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BW Businessworld

‘Need More Free Trade’

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As the cost of production goes up, so will the cost of doing business, says Siraj Chaudhry, chairman of food producing and marketing company, Cargill India. Excerpts from an interview with BW’s Chitra Narayanan:

How is the monsoon scenario going to affect industry?
It obviously has a bearing on commodities, food, inflation… The problem of irrigation and water deficit will have a direct bearing on industry. It won’t necessarily translate into a problem immediately, but it is a risk you live with for the next 12 months, because the government makes choices between supply for drinking water, agriculture and industry. Also, the current monsoon shortfall is creating a lot of uncertainty. Uncertainty is bad for trade and business.
What are your fears?
I don’t see scarcity of food being a problem. We have free import of edible oils and pulses. But affordability is a factor. Prices will go up. Everything is linked to imports.
That can be addressed by making more food available in the system — through imports and by improving food distribution. The locked up grain needs to get channelled into the distribution system. What creates a problem is non-availability. It creates a mindset that there is shortage.
The other concern is that a lot of noise gets made. Agriculture is a state subject so states take action. The reality is that what creates the most food inflation are fruits, vegetables, milk, meat, poultry — none of which is traded on the futures exchange, and none of which can be hoarded. Therefore, we still come up with 20th century responses to 21st century problems. The important thing, at least in the public domain, is to not create a crisis. What has made this monsoon deficit worse is that it has come at a bad time. Resources that should be going into bridging (financial) deficit, will go into dealing with this problem. 
Then the global commodity scare is there. The economy has weakened our currency so the cost of imports is higher. This is a deficit monsoon we could have lived without. For us the worry is that the next step of food inflation is lower demand and lower consumption. Obviously the farmer starts spending a disproportionate amount on food, and curbs his other expenditure. All this creates uncertainty in the mind of a farmer as a consumer, and he starts saving more, which affects demand.
How can the food pricing issue be fixed?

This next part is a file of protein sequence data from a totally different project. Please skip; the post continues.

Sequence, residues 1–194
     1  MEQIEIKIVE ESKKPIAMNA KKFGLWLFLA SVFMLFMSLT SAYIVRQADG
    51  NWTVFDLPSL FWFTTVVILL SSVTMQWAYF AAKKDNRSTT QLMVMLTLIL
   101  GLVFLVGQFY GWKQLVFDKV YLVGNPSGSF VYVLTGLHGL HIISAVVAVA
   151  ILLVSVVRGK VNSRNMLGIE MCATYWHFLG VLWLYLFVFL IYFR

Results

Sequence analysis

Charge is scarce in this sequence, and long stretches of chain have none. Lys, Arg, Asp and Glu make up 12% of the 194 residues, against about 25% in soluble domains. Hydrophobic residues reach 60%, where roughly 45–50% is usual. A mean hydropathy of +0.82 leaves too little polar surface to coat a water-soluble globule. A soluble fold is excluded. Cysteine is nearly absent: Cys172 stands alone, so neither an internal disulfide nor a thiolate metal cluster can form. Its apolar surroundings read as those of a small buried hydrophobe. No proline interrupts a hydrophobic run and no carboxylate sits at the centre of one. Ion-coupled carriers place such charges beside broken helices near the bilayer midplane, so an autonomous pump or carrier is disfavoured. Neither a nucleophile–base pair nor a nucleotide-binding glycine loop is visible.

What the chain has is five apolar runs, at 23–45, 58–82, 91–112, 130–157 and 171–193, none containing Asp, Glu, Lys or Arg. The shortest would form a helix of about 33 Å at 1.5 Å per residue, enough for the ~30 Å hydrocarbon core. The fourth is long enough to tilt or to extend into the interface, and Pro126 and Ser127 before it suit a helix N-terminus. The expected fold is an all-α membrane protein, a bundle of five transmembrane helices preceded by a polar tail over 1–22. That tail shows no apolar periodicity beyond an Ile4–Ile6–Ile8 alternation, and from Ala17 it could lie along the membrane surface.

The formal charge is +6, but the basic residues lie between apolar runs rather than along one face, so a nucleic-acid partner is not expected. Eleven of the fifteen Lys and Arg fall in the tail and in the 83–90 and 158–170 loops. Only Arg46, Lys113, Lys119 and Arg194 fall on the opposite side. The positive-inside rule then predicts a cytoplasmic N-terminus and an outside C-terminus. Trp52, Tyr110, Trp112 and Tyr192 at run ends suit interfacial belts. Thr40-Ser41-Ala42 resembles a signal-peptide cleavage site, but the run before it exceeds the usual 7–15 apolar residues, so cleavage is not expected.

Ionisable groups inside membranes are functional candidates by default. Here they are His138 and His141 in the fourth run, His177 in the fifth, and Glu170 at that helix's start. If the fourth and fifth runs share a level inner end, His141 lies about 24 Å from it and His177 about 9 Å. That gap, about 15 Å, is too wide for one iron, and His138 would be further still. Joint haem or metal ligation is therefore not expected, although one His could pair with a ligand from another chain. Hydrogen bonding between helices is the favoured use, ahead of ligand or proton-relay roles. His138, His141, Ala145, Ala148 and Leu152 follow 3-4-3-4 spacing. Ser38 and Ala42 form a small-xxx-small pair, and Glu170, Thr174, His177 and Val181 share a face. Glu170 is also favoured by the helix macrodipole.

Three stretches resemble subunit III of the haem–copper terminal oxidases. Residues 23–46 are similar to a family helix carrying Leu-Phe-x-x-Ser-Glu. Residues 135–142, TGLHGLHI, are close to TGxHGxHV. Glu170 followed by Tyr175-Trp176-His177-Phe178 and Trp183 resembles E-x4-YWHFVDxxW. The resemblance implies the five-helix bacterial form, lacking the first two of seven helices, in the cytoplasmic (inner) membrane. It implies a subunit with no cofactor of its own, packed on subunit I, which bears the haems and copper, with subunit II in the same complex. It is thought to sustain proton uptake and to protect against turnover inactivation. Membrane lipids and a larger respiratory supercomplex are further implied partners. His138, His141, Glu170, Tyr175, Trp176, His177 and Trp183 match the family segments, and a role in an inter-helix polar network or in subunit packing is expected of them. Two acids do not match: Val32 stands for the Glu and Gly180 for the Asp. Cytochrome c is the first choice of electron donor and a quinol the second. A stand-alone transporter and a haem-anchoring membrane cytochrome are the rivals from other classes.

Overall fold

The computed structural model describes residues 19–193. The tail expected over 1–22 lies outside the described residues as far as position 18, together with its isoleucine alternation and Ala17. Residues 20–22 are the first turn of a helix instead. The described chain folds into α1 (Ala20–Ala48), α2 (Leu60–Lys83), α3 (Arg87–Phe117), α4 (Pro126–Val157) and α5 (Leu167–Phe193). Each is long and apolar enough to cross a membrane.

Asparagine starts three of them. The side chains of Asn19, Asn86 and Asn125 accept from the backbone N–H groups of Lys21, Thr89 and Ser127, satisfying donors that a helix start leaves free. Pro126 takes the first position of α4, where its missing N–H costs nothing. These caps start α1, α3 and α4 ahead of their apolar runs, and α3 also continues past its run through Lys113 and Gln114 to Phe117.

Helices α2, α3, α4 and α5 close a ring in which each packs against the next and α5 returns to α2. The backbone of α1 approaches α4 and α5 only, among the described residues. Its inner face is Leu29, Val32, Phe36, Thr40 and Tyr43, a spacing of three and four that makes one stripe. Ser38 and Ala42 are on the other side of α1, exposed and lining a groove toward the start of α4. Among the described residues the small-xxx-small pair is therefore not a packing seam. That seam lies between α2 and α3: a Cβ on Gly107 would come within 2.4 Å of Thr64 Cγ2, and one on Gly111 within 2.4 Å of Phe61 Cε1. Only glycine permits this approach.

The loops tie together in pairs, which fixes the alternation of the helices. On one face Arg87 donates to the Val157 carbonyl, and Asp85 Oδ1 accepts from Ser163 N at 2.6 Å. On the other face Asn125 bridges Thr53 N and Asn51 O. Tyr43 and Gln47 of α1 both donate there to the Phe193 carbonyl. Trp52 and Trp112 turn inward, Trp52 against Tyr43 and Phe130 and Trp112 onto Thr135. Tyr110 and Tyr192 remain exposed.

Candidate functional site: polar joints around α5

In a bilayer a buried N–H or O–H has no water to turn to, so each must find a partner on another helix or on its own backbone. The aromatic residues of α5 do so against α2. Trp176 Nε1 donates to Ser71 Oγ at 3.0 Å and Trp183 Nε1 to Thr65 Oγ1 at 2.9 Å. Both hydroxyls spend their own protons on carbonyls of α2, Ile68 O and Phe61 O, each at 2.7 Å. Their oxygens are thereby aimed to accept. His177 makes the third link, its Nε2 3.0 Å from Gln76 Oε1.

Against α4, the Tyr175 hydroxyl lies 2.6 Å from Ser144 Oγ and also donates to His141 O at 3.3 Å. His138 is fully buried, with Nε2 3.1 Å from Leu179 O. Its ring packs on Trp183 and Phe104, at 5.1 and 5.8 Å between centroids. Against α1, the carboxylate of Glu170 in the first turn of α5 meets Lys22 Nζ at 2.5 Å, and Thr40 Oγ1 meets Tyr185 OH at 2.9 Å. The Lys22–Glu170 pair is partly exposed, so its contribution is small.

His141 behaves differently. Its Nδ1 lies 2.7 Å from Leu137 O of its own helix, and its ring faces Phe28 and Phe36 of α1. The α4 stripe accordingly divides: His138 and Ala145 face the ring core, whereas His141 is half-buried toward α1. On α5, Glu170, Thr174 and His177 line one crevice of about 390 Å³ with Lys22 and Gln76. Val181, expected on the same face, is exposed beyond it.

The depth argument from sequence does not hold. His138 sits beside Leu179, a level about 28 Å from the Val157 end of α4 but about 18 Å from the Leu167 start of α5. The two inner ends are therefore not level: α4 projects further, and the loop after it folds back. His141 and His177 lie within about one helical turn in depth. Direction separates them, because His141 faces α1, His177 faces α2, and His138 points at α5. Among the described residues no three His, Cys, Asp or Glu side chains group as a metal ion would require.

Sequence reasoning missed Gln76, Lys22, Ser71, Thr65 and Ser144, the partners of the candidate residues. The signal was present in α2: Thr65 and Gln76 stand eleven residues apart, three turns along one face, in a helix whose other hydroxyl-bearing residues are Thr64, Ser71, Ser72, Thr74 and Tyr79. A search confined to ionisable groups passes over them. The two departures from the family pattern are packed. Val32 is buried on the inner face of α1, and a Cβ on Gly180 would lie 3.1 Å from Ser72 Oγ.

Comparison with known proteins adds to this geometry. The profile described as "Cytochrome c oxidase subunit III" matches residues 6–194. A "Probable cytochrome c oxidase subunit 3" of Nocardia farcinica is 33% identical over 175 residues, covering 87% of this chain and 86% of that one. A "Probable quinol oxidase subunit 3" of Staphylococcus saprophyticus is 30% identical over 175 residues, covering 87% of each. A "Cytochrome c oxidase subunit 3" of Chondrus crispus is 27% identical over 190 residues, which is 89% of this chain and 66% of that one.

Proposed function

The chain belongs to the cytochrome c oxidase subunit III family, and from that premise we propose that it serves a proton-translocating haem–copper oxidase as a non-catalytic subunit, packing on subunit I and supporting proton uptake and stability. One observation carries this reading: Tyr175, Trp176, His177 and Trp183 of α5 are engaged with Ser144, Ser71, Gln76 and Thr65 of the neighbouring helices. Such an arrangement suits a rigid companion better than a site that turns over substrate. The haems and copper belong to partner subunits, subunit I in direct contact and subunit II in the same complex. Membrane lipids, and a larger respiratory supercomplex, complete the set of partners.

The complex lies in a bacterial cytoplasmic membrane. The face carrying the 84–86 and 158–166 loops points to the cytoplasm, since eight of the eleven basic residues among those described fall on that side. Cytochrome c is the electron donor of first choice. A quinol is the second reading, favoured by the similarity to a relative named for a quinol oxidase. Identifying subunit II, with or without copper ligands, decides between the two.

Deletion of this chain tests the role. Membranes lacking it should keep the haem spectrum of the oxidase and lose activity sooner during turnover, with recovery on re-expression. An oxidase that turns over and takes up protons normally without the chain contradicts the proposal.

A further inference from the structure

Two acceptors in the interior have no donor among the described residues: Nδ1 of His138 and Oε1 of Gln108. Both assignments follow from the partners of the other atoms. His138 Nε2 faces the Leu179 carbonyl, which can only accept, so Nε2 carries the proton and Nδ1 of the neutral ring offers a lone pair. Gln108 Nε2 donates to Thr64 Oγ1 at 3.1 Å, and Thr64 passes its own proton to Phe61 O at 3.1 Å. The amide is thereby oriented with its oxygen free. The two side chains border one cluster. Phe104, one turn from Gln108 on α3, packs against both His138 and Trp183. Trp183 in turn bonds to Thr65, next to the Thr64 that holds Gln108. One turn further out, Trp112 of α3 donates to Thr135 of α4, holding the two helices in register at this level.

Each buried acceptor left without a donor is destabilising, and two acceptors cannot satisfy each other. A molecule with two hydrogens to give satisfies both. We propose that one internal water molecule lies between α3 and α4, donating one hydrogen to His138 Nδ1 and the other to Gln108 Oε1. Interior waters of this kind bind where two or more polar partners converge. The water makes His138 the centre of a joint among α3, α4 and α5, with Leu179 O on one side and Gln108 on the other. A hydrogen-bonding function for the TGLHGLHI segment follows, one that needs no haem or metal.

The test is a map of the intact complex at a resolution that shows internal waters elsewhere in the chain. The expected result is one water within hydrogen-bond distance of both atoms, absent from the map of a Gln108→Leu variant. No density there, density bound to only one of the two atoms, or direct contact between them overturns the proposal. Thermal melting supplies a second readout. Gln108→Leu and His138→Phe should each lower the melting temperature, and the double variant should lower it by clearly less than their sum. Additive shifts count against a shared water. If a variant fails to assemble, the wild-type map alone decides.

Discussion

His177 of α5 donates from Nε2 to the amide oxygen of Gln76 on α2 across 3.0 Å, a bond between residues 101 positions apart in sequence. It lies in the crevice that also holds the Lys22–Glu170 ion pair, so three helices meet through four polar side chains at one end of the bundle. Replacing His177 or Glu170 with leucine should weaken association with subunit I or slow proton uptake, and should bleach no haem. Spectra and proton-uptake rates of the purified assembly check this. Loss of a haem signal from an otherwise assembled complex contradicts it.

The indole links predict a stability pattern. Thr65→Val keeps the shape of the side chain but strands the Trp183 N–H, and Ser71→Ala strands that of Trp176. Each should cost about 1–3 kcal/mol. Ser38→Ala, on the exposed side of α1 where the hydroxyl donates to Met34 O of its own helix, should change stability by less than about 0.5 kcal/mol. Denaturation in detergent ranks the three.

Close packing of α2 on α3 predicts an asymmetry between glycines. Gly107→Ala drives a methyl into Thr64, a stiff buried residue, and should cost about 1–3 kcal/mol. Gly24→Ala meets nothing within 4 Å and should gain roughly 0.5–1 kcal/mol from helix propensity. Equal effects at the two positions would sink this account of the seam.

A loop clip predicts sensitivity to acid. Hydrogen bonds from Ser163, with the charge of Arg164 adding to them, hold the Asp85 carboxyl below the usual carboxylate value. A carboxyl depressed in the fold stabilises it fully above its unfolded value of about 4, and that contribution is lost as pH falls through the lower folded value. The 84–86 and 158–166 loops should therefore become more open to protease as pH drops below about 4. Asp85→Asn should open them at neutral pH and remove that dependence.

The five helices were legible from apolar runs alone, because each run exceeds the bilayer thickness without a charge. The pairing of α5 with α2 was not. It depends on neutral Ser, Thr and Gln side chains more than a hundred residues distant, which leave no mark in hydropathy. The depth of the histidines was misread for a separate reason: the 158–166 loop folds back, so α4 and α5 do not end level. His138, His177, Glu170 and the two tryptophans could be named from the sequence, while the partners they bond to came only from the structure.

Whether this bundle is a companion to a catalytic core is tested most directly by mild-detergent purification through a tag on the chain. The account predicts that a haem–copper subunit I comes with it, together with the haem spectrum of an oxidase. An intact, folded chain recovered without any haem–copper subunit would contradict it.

The whole food price table has gone up globally. There are a few elements to this. One is that fuel is being produced from grain. There is financialisation of commodities, which means everyone is investing in commodities. A 100 million people have gone above the poverty line so consumption and demand have moved up. So the low-price cycle has finished. This is the
level at which prices will have to remain. What we should do is eliminate inefficiencies that create price discrepancies. This can be done through smooth flow of goods.
Changing weather is another factor, and not just in India. From February till now, some 100 million tonne of crop has been wiped out in the US, South America, India and Ukraine. This is, in a way, nature forcing nations to  improve the free flow of commodities and reduce barriers.There has to be more free trade and movement of commodities.
What do you think will happen to edible oil prices?
Oil prices have already gone up. Our challenge is to keep prices in this range; a challenge, as we are moving from a slow-consumption season to a peak season (the festive season). The important thing would be to maintain availability. That is not a challenge as palm oil and various derivates are available in Malaysia and Indonesia, and they are building stock. The challenge is that if water availability is lower, then plants don’t run, and our input costs go up. Currency is anyway high. We would have to look at fine measures then. There are a lot of gaps in policy which, if addressed, could unknot the gap in availability.
What about efficiencies at your own end?
In the case of edible oil, 85-95 per cent of cost is raw material cost, and that is driven by the market. So the scope for innovation lies only in the remaining 10 per cent — packaging and marketing. We have opted for pouches instead of bottles to cut costs. But, how do you cut the variable cost of production — water, power, coal, etc.? My concern is how much my cost will go up. And that cost obviously gets passed on to the consumer. The cost of doing business goes up. So, as I said earlier, my biggest concern is inflation. 
(This story was published in Businessworld Issue Dated 13-08-2012)